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Parallel Circuits Current splits into “branches” so there is more than one path that current can take Voltage is the same across each branch Currents in each branch add to equal the total current through the battery R1R1 R2R2 R3R3 V

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Solving a Parallel Circuit R 1 =1 Ω R 2 =2 Ω R 3 =3 Ω 12V Step 1: Find the total resistance of the circuit. Step 2: Find the total current from the battery. Step 3: Find the current through each resistor. Remember, voltage is the same on each branch. Step 4: Check currents to see if the answers follow the pattern for current. The total of the branches should be equal to the sum of the individual branches.

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Comparing Series & Parallel Series Current Same Voltage Adds V 1 + V 2 +... R T = R 1 + R 2 +... Parallel Current Adds Voltage Same I 1 + I 2 + I 3 +... R 1 = 2Ω A R 2 = 3Ω R 1 =1 Ω R 2 =2 Ω R 3 =3 Ω

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Combo Circuits with Ohm’s Law What’s in series and what is in parallel? 15V 3Ω3Ω 5Ω5Ω 7Ω7Ω 1Ω1Ω 2Ω2Ω 6Ω6Ω 4Ω4Ω It is often easier to answer this question if we redraw the circuit. Let’s label the junctions (where current splits or comes together) as reference points. AB CD 3Ω3Ω A B 6Ω6Ω 4Ω4Ω 1Ω1Ω C 5Ω5Ω 2Ω2Ω D 7Ω7Ω 15V

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Combo Circuits with Ohm’s Law Now…again…what’s in series and what’s in parallel? 3Ω3Ω A B 6Ω6Ω 4Ω4Ω 1Ω1Ω C 5Ω5Ω 2Ω2Ω D 7Ω7Ω 15V The 6Ω and the 4Ω resistors are in series with each other, the branch they are on is parallel to the 1Ω resistor. The parallel branches between B & D are in series with the 2Ω resistor. The 5Ω resistor is on a branch that is parallel with the BC parallel group and its series 2Ω buddy. The total resistance between A & D is in series with the 3Ω and the 7Ω resistors.

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Combo Circuits with Ohm’s Law Finding total (equivalent) resistance 3Ω3Ω A B 6Ω6Ω 4Ω4Ω 1Ω1Ω C 5Ω5Ω 2Ω2Ω D 7Ω7Ω 15V To find R T work from the inside out. Start with the 6+4 = 10Ω series branch. So, 10Ω is in parallel with 1Ω between B&C… Then, R BC + 2Ω=2.91Ω and this value is in parallel with the 5Ω branch, so… Finally R T = R AD +3 + 7 = 1.84 + 3 + 7 R T = 11.84Ω

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Combo Circuits with Ohm’s Law Solving for current and voltage drops in each resistor 3Ω3Ω A B 6Ω6Ω 4Ω4Ω 1Ω1Ω C 5Ω5Ω 2Ω2Ω D 7Ω7Ω 15V R T = 11.84Ω I T =1.27A The total current I T goes through the 3Ω and the 7Ω and since those are in series, they must get their chunk of the 15V input before we can know how much is left for the parallel. So… Then… So… Since parallel branches have the same current, that means the voltage across the 5Ω resistor V 5Ω =4.84V and the voltage across the parallel section between B&C plus the 2Ω is also 4.84V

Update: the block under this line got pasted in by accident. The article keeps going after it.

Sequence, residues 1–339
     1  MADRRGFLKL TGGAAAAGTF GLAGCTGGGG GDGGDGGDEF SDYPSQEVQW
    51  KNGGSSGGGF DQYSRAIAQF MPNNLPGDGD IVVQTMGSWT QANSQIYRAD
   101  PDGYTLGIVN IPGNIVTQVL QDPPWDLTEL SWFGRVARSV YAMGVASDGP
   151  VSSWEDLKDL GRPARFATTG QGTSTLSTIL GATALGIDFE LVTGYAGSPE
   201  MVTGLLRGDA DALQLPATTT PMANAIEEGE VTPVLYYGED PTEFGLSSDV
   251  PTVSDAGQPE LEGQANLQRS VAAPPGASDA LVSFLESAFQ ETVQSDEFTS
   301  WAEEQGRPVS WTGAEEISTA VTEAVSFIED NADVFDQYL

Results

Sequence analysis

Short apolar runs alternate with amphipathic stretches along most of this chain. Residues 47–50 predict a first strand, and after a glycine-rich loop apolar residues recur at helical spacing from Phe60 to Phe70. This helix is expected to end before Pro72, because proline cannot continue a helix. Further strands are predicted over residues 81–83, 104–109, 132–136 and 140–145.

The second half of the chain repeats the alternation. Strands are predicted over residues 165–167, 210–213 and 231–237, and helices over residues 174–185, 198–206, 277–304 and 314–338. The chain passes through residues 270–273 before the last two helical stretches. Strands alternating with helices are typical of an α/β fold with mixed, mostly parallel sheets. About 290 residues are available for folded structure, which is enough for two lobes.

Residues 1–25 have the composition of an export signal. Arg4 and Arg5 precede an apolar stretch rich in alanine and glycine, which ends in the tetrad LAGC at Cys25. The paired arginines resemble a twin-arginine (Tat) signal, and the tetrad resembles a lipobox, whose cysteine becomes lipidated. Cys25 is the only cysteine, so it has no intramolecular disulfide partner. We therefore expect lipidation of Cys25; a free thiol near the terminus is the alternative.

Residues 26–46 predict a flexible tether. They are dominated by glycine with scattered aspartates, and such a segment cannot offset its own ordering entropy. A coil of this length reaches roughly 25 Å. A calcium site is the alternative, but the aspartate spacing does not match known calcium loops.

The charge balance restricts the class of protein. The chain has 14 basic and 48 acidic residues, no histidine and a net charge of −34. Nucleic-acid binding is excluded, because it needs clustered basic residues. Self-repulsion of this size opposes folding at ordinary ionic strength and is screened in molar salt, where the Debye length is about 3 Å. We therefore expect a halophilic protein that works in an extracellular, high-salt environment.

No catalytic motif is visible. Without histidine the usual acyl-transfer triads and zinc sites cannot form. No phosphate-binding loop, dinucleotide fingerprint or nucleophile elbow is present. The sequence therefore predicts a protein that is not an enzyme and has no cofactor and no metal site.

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Combo Circuits with Ohm’s Law Solving for current and voltage drops in each resistor (continued) Known values from previous slide. To calculate the current through the 5Ω resistor… To calculate the top branch of the parallel circuit between points A & D we need to find the current and voltage for the series 2 Ω resistor. Since the current through the resistor plus the 0.92A for the bottom branch must equal 1.3A. So… 3Ω3Ω A B 6Ω6Ω 4Ω4Ω 1Ω1Ω C 5Ω5Ω 2Ω2Ω D 7Ω7Ω 15V I T =1.27A I 2Ω =0.81A I 5Ω =0.46A

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Combo Circuits with Ohm’s Law Solving for current and voltage drops in each resistor (continued) Known values from previous slide. 3Ω3Ω A B 6Ω6Ω 4Ω4Ω 1Ω1Ω C 5Ω5Ω 2Ω2Ω D 7Ω7Ω 15V I T =1.27A I 2Ω =0.81A I 5Ω =0.46A Next we need to calculate quantities for the parallel bunch between points B&C. The voltage that is left to operate this parallel bunch is the voltage for the 5Ω minus what is used by the series 2Ω resistor. The 1Ω resistor gets all of this voltage. Finally we need to calculate the current through the 6Ω and 4Ω resistors and the voltage used by each. All we need now is the voltage drop across the 6Ω and 4Ω resistors. So… I 1Ω =0.68A I 6Ω =I 4Ω =0.068A THE END!